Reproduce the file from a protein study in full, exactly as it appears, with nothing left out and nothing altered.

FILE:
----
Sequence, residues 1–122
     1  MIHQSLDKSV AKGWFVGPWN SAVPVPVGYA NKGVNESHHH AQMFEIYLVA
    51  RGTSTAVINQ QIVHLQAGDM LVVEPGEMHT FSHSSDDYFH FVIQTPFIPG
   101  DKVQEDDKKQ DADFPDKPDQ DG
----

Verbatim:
Sequence, residues 1–122
     1  MIHQSLDKSV AKGWFVGPWN SAVPVPVGYA NKGVNESHHH AQMFEIYLVA
    51  RGTSTAVINQ QIVHLQAGDM LVVEPGEMHT FSHSSDDYFH FVIQTPFIPG
   101  DKVQEDDKKQ DADFPDKPDQ DG